While Kevin Pietersen was amassing that remarkable 355 not out against Leicestershire at The Oval last week, the next-highest score was Kumar Sangakkara's 36. As it turns out, there have been three lower second-highest contributions to a first-class innings that contained a triple-century. When Vijay Hazare made 309 not out for Hindus against the Rest in the final of the Bombay Pentangular tournament at the Brabourne Stadium in December 1943, his brother Vivek made just 21: they put on 300 for the sixth wicket - and still lost by an innings. Vivek's 21 took him five and a half hours: "He blocked every ball and proved immovable," wrote Vijay. "Even Trevor Bailey could have taken his correspondence course!" When the New Zealander Bert Sutcliffe scored 385 for Otago against Canterbury in Christchurch in a match that started on Christmas Day 1952, the next-best was Alan Gilbertson's 29; and as VVS Laxman piled up 301 not out for Hyderabad against Bihar in Jamshedpur in 1997-98, the second-highest score was Daniel Manohar's 35. The biggest discrepancy between the highest score of an innings and the next-biggest is 396 runs, when Hanif Mohammad made 499 and Wallis Mathias 103 for Karachi against Bahawalpur in Karachi in 1958-59.
The match you're talking about was Oxford University's game against the Free Foresters in the Parks in 1952. Wisden didn't identify captains back then, and their match report doesn't help. Allen, the former England captain, was a month short of his 50th birthday at the time, and was already a major presence in the Lord's committee-rooms - so at first I thought he must have been captain himself, as no one else would have dared to declare on him! But EW Swanton's biography of Allen, Man of Cricket (1985), explains what happened: "Following rain on the first day, Errol Holmes announced that he would have to declare, come what may, on the second at lunch, which found Gubby looking helplessly on at the non-striker's end, not out 99." Holmes, who had previously captained Surrey, played five Tests himself in the 1930s. Allen made amends the following year with 143 not out - his last first-class hundred - for the Free Foresters against Cambridge University at Fenner's.
This achievement by Tamil Union came on the way to a total of 650 for 8 and an eventual huge victory over the Air Force in Katunayake in February. But although it was a fine effort, it was some way short of the first-class record: there have been no fewer than 52 instances of a day's play in a first-class match containing 600 or more runs. The overall record is the amazing 721 runs piled up by Don Bradman's Invincibles on the first day of the Australians' tour match against Essex in Southend-on-Sea in 1948. Bradman led the way himself with 187 in 125 minutes, and there were three other centuries.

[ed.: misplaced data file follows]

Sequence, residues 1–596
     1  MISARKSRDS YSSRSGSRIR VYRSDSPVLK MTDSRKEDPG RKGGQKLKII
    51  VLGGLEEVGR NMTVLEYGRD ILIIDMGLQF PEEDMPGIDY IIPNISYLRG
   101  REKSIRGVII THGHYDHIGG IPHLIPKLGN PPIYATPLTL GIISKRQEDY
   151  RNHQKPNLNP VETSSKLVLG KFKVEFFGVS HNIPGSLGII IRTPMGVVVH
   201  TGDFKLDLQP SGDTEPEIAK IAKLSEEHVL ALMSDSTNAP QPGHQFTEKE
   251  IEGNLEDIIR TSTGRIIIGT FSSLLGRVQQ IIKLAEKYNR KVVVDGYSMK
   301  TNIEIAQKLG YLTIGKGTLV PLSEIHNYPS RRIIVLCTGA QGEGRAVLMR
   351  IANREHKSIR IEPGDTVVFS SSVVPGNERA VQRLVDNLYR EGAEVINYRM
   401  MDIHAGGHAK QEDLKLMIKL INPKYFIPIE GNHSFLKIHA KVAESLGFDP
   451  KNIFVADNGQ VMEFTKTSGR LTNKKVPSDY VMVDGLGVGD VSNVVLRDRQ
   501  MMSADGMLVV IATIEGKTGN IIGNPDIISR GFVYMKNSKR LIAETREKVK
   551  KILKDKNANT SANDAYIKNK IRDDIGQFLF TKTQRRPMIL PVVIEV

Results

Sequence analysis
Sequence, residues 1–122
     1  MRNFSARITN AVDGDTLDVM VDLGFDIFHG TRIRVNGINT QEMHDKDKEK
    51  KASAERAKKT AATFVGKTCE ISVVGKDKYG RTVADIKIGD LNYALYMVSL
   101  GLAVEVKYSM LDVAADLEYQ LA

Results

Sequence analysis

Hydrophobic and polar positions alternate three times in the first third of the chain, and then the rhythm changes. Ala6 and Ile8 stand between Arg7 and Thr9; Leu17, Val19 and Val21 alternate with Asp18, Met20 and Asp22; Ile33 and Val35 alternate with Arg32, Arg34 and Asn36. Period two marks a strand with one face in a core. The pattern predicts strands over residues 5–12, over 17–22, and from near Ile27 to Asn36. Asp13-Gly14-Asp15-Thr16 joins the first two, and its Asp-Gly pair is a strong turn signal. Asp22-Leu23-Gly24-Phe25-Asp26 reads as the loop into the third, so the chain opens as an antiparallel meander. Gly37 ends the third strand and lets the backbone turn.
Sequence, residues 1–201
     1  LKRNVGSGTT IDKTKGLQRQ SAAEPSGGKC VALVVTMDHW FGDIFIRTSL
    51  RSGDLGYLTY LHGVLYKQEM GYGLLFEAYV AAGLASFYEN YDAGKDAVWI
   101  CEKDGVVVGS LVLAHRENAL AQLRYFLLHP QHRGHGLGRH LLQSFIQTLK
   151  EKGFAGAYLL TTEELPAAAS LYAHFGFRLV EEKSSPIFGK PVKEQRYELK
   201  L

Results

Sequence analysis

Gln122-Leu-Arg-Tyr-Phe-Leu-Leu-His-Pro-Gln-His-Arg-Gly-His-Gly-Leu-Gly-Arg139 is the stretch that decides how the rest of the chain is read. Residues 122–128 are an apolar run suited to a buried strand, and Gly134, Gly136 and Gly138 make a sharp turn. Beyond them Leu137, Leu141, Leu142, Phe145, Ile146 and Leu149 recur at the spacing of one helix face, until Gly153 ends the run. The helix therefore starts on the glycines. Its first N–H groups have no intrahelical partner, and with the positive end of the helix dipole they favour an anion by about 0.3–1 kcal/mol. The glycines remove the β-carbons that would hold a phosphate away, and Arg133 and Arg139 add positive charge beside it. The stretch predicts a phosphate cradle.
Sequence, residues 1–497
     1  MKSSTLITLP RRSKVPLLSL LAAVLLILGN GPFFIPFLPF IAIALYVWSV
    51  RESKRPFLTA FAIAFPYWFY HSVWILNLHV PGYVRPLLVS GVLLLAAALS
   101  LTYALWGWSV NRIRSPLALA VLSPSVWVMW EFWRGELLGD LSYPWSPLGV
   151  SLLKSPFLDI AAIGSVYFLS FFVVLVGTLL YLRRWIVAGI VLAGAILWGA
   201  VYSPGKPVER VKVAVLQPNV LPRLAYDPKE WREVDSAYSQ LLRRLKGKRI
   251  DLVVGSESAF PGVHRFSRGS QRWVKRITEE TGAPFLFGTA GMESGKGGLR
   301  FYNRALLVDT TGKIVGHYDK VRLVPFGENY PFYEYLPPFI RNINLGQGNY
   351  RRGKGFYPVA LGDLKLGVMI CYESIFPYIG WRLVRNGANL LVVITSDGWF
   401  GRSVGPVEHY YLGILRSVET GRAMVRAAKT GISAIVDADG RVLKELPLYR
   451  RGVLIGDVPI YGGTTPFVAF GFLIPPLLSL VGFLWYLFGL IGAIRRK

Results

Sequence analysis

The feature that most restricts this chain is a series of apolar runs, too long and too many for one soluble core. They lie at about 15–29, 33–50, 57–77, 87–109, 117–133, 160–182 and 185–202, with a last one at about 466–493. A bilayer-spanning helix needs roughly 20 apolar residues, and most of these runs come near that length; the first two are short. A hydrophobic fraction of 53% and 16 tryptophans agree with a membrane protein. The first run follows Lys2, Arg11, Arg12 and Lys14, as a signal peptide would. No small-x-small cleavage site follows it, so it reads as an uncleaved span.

That's a good spot, as it turns out that that is indeed the first-class record for identical dismissals in the same match: Geoff Boycott was bowled by Roger Harper for 87 in both innings of England's warm-up game against a West Indies Board President's XI in Pointe-a-Pierre in Trinidad at the start of their 1980-81 tour of the Caribbean. Offspinner (and ace fielder) Harper, who went on to have a distinguished career for West Indies - 25 Tests and 105 ODIs - was only 17 at the time. I had to check the facts with Philip Bailey, Wisden's statistician, who confirmed: "That is the first-class record, assuming you don't count not out - both Arthur "Ticker" Mitchell and Zaheer Abbas made 100* in each innings of a game."
Pakistan's 628 in the recent first Test against Bangladesh in Khulna was the 14th time they had amassed 600 or more in the first innings of a Test, and the tenth time they had failed to press home a victory. They have actually won only four Tests after making 600: innings victories over Sri Lanka in Galle in 2000, New Zealand in Lahore in 2002, and England in Lahore in 2005-06, plus a ten-wicket win over India in Faisalabad in 1982-83.
Sunil Gavaskar was dismissed by the very first ball of a Test match on three occasions - by England's Geoff Arnold at Edgbaston in 1974, in Calcutta (now Kolkata) by Malcolm Marshall of West Indies in 1983-84, and by Imran Khan against Pakistan in Jaipur in 1986-87. Gavaskar played 125 Tests in all, so he can probably be forgiven those three lapses. But he's not unique: his feat was matched by the Bangladesh opener Hannan Sarkar, who won rather fewer caps - just 17. Four of them came against West Indies, and in three of those - bowled in Dhaka in 2002-03, and lbw in St Lucia and in Kingston in 2004 - the unfortunate Sarkar was dismissed first ball by the left-arm fast bowler Pedro Collins. No one else has been dismissed by the first ball of a Test match more than once. For the full list, click here.
Steven Lynch is the editor of the Wisden Guide to International Cricket 2014. Ask Steven is now on Facebook